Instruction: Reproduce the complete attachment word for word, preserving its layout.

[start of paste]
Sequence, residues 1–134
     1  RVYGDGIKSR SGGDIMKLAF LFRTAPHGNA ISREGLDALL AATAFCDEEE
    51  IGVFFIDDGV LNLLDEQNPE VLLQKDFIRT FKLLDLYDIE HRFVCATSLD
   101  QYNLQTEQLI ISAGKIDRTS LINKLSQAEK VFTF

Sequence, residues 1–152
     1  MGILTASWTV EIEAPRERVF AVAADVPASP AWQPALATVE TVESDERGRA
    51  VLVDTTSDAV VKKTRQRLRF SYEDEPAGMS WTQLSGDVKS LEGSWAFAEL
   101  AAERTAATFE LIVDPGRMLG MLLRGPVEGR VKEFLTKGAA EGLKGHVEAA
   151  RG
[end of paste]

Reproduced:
Sequence, residues 1–134
     1  RVYGDGIKSR SGGDIMKLAF LFRTAPHGNA ISREGLDALL AATAFCDEEE
    51  IGVFFIDDGV LNLLDEQNPE VLLQKDFIRT FKLLDLYDIE HRFVCATSLD
   101  QYNLQTEQLI ISAGKIDRTS LINKLSQAEK VFTF

Sequence, residues 1–152
     1  MGILTASWTV EIEAPRERVF AVAADVPASP AWQPALATVE TVESDERGRA
    51  VLVDTTSDAV VKKTRQRLRF SYEDEPAGMS WTQLSGDVKS LEGSWAFAEL
   101  AAERTAATFE LIVDPGRMLG MLLRGPVEGR VKEFLTKGAA EGLKGHVEAA
   151  RG